Before 1974, the Varosha district of Famagusta in Cyprus was a popular tourist area, with 12,000 hotel rooms and 25,000 inhabitants.
Then the area was invaded by Turkish forces.
More than 150,000 residents had to leave their homes. The area was closed and used as a bargaining chip in the ceasefire between Turkish Northern Cyprus and Greek Southern Cyprus.
Since then, it has been a ghost town, reports The Guardian. Famagusta was named “The Forbidden City”.
But now, after 46 years, the city has reopened.
It was the leader of Northern Cyprus, Ersin Tatar, who promised to open the holiday paradise this week.
– We start the process of people using the public areas, Sahil and Democracy streets and beaches. Maras, which was a ghost town, is now coming to life again, he said on Thursday.
He received support from Turkish President Recep Tayyip Erdogan, writes CNN.
Hundreds of people are said to have streamed in through the gates when the barricades were removed, celebrating that they could finally use the beach area. Now the beach will be open from 09 to 17 every day.
However, the opening was also met with resistance. Pictures show demonstrations outside the Turkish embassy in Athens, with posters with the text “Erdogan, Varosha will get his revenge”.
Residents who were chased from the area in 1974 also protested against the opening.
– How can you not be upset by what you have seen today? Varosha should have been given back to its owners. This is psychologically exhausting, says the Greek-Cypriot mayor Simos Ioannou in Famagusta.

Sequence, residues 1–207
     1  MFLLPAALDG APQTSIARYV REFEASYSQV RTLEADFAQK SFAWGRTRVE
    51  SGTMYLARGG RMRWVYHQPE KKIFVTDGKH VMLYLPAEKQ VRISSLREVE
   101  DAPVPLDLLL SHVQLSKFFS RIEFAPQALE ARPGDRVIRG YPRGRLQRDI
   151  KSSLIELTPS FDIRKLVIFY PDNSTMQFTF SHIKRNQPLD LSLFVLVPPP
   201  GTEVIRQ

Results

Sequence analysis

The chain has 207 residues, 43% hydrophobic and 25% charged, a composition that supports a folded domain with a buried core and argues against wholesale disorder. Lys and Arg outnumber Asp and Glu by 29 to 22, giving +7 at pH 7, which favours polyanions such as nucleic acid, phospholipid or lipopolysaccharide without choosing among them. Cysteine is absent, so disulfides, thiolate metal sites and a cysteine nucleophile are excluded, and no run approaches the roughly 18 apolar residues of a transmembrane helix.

Cypriot President Nikos Anastasiades says the opening is illegal and a clear violation of UN resolutions. On Wednesday this week, the EU condemned the reopening, calling it a serious ceasefire.
EU foreign policy chief Josep Borrell says the opening will intensify the conflict.
“The opening of this area, which is a closed area under the UN ceasefire, is a serious breach of this agreement,” Borrell said.
– This will not help. On the contrary, it will make it more difficult to reach agreement on a particularly difficult situation for all of us in the eastern Mediterranean, he added.
Relations between Greece and Cyprus are already tense, as both countries hunt for gas resources in the sea area and conduct military exercises, according to Reuters.
If the diplomatic dispute over Varosha escalates, it will put further pressure on relations between Greece and Turkey.
The UN Security Council has announced a meeting on the situation. Borell will ask for a statement in which Turkey is asked to stop “this activity”.